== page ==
Signs (observable effects) vs. symptoms (experienced) -convalescence period of recovery after disease: Infection may be resolved completely—recovery and boosted immunity. Person may become asymptomatic/symptomatic carrier (B. pertussis, S. pyogenes, HIV)
Iris diaphragm
controls the amount of light entering the condenser
a prophage
Viral DNA is incorporated into the host’s chromosome
True
True or False - E.Coli K12 includes plasmids
S. pneumoniae diagnosis
1) rusty sputum2) G+ diplococci3) Alpha hemolytic4) sensitive to P disc (optochin), unlike other alpha hemolytic strp
What is catabolism?
all decomposition reactions in a living organism; the breakdown of complex organic compounds into simpler ones
Light microscope
Microscope that uses visible light to observe objects
What is an example of a fast-growing bacteria?
Clostridium
which is true of competitive inhibition?
a. it involves an allosteric enzyme
b. substrate and inhibitor both bind to the active site
c. mercury is a competitive inhibitor
d. inhibitor has a chemical structure similar to the normal substrate
e. B and D
B and D
q. Minor antegenic differances are so minor we keep them in the same genus but all them a different ____________.
a. Strain.
Anti Viral agents (1)
Synthetic: Base Analogues. Fake nucleotide bases the virus incorporates into genome
mesophiles
bacteria with an optimal temp range of 25-40*C (37-98.6*F)- most common including:a) normal microbiotab) most pathogensc) unknown bacteria, in BCC labs
What causes rheumatic fever?
Strep pyogenes in cardiovascular system
What is another name for dark repair?
excision repair
Consisting of a simple tube with lenses at each end. The magnificaiton of objects under view range from three to nine times
compound microscope
gram negative
is septic shock most often caused by gram negative or gram positive bacteria?
Name the gram reaction and morphology of Mycobacterium tuberculosis
Acid fast bacillus
Gastroentertitis; from eating raw seafood and oysters
Vibrio Vulnificus and Vibrio Parahaemolyticus cause what condition? And how is it contracted?
Normal flora (microbiota)
microbes that colinize a hose without causing a disease.
Antigenic drift
minor change of antigen on surface of virus that continually happens over time - due to accumulation of mutations in viral genome
 
 
What are characteristics of typhoid fever and extraintestinal diseases caused by Salmonella?
Typhoid fever
Bacteria go from intestinal wall and to regional lymph nodes (cause constipation, headache, and general symptoms)
Bacteria spread through blood stream to body. 
Bacteria phagocytized, not killed;intracellular multiplication occurs.
Re-enter bloodstream; prolonged, severe septicemia may result (fever, shock from endotoxin - LPS)
Bacteria may re-enter intestinal tract, cause diarrhea and may infect gall bladder
Severe, freq. fatal disease results if not treated.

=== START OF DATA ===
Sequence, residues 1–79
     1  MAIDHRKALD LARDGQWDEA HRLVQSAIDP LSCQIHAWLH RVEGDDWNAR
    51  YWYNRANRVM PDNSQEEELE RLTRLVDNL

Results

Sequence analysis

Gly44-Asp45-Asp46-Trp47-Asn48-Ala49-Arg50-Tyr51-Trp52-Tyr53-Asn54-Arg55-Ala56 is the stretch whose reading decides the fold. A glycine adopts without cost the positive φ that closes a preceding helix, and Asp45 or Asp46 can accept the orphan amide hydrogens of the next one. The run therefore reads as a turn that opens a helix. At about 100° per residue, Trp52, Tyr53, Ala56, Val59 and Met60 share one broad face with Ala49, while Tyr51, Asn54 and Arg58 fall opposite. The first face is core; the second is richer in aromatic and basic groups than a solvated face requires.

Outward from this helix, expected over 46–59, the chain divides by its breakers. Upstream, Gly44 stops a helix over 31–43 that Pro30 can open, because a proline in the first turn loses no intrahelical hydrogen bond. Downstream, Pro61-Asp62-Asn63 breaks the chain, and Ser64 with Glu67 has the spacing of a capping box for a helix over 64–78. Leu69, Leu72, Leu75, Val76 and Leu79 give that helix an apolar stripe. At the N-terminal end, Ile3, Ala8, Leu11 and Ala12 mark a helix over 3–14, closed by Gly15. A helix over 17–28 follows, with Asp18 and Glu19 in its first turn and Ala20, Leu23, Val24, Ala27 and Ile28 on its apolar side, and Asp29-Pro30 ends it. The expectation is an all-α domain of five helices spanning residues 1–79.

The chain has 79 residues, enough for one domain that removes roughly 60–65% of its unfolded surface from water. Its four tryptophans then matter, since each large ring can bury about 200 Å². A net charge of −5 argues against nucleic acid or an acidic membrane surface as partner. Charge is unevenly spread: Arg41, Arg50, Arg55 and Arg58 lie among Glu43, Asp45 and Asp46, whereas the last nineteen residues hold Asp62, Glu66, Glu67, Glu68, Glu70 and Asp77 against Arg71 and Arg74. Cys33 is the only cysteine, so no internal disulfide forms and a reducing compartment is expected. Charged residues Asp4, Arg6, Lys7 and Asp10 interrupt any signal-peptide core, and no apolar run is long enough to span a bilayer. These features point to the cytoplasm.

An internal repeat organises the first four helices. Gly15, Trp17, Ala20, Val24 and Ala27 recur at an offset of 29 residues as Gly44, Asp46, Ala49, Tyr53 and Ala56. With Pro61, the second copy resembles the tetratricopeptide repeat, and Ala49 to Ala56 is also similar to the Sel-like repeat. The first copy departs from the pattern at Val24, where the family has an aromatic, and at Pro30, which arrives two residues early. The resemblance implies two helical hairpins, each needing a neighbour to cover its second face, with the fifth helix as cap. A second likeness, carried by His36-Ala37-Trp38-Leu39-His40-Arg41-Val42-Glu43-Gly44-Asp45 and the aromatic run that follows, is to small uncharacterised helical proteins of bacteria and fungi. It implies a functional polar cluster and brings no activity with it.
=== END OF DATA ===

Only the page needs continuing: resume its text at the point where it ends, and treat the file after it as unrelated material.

Treat with antibiotics.
Vaccination can reduce risk of disease for travelers in endemic areas.  Produces anti-O and anti-Vi antibodies.
What common elements can organic compounds contain (besides C and H)?
O, P, S, N
What is coagulase?
an enzyme that causes blood to clot.
What does streptokinase do?
hydrolyzes fibrin and other host proteins, helping organism spread through tissues (when bound to bacterial cell surface, plasmin is not inhibited by alpha-macroglobulin), purified enzyme from Gropu G Strep is used to dissolve blood clots, antigenic
the minus strand of DNA serves as the template for RNA production. T/F
true
Naked virus
a virus that does not posses an envelope. In these viruses the capsid forms the outer layer
Pneumocystis (carinii) jiroveci
this opportunist is the most frequent cause of life-threatening pneumonia in AIDS patients
What does Herpes virus 3 cause? Where is it found?
Chickenpox
Skin
What region of the DNA does RNA polymerase bind to?
the promoter
What substance aids S. aureus in tissue destruction?
Hemolysins – most alpha
What are the 2 most important bacteria that cause urethritis?
Neisseria gonorrhoeae
Chlamydia trachomatis
CC 3-4
normal flora that is present on your body temporarily, can be washed away or dies in competition with other flora
transient micro flora
Gram-negative cell wall
Thin cell wall, has an outer membrane consisting of lipopolysaccharide and protein, periplasm, one to three layers of peptidoglycan and a cytoplasmic membrane
Type of bacterial species that produces them or for type of disease caused
diphtheria toxin (C. diphtheria), tetanus toxin (C. tetani), cholera toxin (V. cholera), botulinum toxin (C. botulinum
What is the type b capsular carb for h. influenzae?
PRP (polyribosephosphate)
Transduction
The transfer of DNA from a donor to a recipient cell by a bacteriophage
Four Mechanisms for genetic exchange
transformation - uptake of naked DNAtransduction - transfer involves a becteriophageconjugation - cell to cell contact requiredtransposition - mobile genetic elements